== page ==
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Miami Boat Show Poker Run: At the End of the Line


As transitions in the performance-boat world go, it’s hard to imagine a more radical change than going from a wide-open center console V-bottom to a canopied catamaran in the space of a few hours. You start with the wind in your hair and an unlimited field of vision and move to a gentle breeze from an electric fan/air conditioner and a view that most closely resembles what you’d expect to find in one of those vintage deep-sea diving suits. It’s not so much claustrophobic, at least in a ride on the scale of Brad Benson’s 52-foot Marine Technology Inc. cat, as it is cocooned.

The two boating experiences are so different that after indulging in both today during the Florida Powerboat Club’s annual Miami Boat Show Poker Run I’m having trouble “processing”—a Dr. Phil word, I know, but it’s the best I’ve got at the moment—them. On one hand, I hate getting the skin blown off my face in an open-cockpit boat. On the other, I like the fresh air. On another hand, I appreciate the protection from the elements that a roof over my head affords. On another, a roof over my head kills the look and feel of the environment. And I love that look and feel.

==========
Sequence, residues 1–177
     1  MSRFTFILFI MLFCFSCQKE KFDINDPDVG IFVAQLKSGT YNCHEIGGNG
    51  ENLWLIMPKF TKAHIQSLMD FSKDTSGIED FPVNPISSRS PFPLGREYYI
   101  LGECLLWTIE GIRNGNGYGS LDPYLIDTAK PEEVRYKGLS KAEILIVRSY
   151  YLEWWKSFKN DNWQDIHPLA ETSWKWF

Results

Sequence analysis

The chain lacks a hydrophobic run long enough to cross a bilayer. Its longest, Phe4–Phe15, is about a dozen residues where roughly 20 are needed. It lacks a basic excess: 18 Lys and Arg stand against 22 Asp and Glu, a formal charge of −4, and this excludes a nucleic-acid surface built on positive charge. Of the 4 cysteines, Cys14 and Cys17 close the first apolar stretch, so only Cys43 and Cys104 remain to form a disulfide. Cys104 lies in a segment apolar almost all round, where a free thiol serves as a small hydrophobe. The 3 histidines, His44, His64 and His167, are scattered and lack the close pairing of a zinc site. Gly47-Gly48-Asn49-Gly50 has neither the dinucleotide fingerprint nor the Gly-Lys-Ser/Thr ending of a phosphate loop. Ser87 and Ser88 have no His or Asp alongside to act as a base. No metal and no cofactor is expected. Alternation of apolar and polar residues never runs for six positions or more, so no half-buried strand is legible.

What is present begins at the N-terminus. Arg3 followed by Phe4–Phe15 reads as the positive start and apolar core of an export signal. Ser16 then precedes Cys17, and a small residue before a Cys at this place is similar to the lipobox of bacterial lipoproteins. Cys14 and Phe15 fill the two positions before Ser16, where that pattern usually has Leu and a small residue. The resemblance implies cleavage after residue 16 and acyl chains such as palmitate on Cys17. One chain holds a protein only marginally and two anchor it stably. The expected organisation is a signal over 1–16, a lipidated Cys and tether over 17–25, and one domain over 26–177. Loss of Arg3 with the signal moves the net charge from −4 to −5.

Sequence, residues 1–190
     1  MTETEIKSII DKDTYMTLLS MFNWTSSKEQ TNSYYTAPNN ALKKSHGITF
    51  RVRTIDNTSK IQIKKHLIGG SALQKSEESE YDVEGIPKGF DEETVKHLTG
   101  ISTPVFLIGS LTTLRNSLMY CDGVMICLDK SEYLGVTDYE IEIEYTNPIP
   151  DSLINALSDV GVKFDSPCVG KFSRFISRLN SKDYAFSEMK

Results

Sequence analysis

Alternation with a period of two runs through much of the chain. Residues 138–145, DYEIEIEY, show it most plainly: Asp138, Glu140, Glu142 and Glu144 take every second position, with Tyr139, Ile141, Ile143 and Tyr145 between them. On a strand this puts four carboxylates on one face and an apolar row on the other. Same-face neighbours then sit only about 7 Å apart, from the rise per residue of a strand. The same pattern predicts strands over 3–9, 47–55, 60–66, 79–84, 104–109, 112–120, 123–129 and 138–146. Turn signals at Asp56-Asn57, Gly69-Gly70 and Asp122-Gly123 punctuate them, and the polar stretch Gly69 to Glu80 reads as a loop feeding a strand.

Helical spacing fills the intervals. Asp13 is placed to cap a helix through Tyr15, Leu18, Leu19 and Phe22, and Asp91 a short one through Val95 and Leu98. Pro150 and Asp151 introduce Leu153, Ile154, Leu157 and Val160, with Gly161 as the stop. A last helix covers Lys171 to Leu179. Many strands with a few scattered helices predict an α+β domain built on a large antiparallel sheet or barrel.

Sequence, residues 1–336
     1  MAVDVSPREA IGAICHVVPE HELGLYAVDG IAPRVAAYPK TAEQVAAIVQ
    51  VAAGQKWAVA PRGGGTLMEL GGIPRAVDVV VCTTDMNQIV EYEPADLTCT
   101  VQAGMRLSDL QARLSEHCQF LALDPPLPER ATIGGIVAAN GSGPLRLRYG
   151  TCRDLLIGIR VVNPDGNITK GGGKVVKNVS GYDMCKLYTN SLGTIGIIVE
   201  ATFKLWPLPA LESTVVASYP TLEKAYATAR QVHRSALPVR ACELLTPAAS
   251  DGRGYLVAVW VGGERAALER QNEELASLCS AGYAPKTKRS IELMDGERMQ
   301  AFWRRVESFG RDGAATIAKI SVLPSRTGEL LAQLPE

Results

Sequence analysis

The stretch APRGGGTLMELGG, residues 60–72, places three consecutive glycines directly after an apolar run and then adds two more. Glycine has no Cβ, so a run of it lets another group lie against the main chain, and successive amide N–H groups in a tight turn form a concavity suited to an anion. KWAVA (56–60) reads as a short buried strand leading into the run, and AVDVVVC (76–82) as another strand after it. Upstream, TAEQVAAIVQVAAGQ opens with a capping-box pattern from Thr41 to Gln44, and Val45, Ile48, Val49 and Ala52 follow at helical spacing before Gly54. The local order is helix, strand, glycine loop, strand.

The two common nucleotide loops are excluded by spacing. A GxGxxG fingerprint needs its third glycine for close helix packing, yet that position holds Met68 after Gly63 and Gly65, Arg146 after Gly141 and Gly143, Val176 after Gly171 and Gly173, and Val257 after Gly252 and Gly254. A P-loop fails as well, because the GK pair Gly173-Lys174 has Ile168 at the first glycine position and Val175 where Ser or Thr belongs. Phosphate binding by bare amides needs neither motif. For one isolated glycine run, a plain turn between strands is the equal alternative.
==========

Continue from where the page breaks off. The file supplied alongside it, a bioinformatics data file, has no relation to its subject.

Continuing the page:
In a canopied catamaran, your side and forward views are diminished.In a canopied catamaran, your side and forward views are diminished.

There is no “right” answer here. There is only … preference. Where mine lies right now after today’s different boat-ride experiences, I do not know.

One thing’s for sure, I did dig the 52-foot cat’s acceleration and speed. During today’s run, we stayed respectfully within the Florida Powerboat Club’s 150-mph limit. Judging from the GPS recall of 185 mph, the twin Mercury Racing 1650-engine-powered boat had a lot more in it. Owner Brad Benson told me, over the cat’s wireless intercom headsets no less, that when they reached that number they were still 300 to 400 rpm shy of the engines’ peak operating range.

But I’ve always been an “acceleration over top speed” guy and the sustained punch coming from a combined 3,700 hp in an efficient true catamaran hull was delightful. From 100 to 150 mph, the cat pulled and pulled, and would have kept on pulling us past the FPC’s speed limit had Tom Healey, who throttles for Benson, not backed off the throttles.

Welcome to the cocoon.Welcome to the cocoon.

So which experience is better? Either. Neither. Or both. (If I was of the means, I’d opt for both.) As I wrote earlier, I’m still working to process the experiences. But it’s great work if you can get it.

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